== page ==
Martin Moore
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Escuela de Arquitectura de la Universidad de Talca, Chile. Click image for link to more images and visit the slowottawa.ca boards >> http://www.pinterest.com/slowottawa

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Sumika Pavilion - Toyo Ito                                                                                                                                                     More

Sumika Pavilion / Toyo Ito / Square Plant / Parametric Structure / Wood and Glass Material

I think in Invercargill it would all be one colour... ;)  Rammed Earth wall @ East Cape, Baja, Mx. by fabriKG

I think in Invercargill it would all be one colour. by fabriKG

Australian prefab architecture specialists Modscape Concept have designed an exciting five story home that clings to a cliff’s edge. Aptly called Cliff House, the design was created in response to a growing number of clients exploring design options for living on extreme coastal plots in Australia. The modular home was inspired by the shape of barnacles clinging to a hull of a ship, and it extends off the side of a cliff, rather than sitting upon it.

Australian prefab architecture specialists Modscape Concept have designed an exciting five story home that clings to a cliff’s edge. Aptly called Cliff House, the design was created in response to a growing number of clients exploring design options for l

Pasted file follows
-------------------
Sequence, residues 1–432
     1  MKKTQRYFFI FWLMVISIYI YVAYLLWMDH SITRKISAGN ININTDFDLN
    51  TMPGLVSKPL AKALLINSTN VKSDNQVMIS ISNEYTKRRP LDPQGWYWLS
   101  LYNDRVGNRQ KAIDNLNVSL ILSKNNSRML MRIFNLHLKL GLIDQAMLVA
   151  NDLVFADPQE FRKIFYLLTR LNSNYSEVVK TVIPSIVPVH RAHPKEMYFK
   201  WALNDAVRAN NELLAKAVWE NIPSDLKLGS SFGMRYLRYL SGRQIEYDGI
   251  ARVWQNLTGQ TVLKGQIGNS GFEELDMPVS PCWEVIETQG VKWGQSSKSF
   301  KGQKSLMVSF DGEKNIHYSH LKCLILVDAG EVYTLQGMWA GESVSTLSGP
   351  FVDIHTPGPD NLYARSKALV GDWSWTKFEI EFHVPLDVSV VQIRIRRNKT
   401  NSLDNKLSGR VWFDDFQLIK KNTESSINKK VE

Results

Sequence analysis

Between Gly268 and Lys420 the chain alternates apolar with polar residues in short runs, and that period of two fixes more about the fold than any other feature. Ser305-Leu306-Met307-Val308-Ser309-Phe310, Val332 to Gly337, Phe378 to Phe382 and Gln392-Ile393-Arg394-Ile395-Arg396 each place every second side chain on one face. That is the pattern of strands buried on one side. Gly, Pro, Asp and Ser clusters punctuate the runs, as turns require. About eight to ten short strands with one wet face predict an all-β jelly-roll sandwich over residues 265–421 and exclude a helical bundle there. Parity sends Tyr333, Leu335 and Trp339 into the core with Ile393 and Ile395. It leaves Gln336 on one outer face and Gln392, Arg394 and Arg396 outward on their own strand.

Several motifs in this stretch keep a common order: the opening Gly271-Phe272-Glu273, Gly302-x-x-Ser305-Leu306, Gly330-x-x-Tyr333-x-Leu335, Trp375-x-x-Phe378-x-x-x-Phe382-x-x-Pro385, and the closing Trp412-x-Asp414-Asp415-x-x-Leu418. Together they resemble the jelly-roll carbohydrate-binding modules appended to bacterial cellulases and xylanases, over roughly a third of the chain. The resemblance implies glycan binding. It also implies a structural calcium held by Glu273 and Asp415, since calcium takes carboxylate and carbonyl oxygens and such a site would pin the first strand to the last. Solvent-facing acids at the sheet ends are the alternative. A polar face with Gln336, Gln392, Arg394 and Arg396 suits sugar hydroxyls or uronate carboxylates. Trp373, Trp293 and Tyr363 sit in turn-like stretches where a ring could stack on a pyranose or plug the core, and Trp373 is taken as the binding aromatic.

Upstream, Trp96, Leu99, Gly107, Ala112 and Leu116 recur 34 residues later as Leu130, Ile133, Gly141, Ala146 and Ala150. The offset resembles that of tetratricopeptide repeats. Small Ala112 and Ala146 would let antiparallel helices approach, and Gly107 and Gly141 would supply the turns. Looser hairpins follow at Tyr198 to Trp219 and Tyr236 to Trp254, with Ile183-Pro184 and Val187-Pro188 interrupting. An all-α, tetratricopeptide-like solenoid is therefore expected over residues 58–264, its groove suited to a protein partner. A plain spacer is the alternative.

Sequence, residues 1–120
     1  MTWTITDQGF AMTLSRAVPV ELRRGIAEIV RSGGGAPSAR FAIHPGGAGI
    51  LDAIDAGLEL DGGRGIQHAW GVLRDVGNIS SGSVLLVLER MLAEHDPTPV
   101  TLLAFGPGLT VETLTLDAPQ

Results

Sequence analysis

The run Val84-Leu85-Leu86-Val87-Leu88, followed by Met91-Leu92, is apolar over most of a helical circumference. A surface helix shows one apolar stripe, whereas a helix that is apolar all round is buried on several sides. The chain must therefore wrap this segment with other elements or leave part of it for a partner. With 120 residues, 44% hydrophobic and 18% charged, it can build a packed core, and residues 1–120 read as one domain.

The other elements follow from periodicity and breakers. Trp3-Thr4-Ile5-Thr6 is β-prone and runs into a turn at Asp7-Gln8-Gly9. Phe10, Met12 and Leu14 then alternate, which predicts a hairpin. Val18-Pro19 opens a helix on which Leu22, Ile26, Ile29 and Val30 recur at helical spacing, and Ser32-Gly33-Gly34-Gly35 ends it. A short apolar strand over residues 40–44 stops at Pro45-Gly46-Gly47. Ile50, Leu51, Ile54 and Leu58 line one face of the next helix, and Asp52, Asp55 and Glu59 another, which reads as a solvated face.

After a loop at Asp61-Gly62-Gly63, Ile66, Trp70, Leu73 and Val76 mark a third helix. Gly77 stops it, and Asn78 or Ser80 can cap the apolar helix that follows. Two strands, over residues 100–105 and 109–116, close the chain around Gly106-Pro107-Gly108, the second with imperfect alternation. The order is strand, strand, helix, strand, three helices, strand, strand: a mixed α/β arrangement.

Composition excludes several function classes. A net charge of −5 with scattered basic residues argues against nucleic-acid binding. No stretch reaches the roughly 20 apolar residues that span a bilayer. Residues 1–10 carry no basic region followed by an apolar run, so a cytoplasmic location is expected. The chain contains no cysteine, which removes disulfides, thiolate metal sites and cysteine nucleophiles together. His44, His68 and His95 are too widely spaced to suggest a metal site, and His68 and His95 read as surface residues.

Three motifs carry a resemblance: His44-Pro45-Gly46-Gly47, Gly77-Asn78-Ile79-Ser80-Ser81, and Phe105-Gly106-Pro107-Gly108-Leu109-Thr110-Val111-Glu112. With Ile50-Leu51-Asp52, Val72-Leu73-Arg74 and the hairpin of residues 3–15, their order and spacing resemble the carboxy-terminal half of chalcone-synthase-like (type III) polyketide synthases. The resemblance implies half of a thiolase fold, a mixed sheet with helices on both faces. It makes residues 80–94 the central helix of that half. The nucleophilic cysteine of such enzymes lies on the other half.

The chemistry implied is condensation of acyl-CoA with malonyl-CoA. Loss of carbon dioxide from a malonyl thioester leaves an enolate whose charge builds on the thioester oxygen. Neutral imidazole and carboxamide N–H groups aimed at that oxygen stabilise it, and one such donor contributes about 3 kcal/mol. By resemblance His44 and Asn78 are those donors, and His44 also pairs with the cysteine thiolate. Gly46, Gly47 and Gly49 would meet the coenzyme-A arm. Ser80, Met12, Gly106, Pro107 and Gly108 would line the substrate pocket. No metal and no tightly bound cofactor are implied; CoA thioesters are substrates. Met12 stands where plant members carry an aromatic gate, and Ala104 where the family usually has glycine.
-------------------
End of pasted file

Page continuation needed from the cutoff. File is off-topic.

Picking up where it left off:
Here are nine pre-cast rammed earth panels in our factory in Napa, California, waiting to be sawn to final dimensions and transported to the job site for final installation. A steel frame is installed on the back of each panel to use for attachment to the structural wall.

inches thick rammed earth panels are ideal for non-structural applications

Gallery of Architectural Innovation Inspired by Nature - 2

The Watercube- Beijing’s National Aquatics Center , “The Watercube,” Beijing’s National Aquatics Center, built for the 2008 Olympics. Its design derives the shape from the make-up of soap bubb.

'Printing' transparent solar cells onto colored glass opens up all sorts of opportunities for buildings to generate energy.

Colorful glass panels capable of generating electricity have taken a step closer to becoming fully commercialized.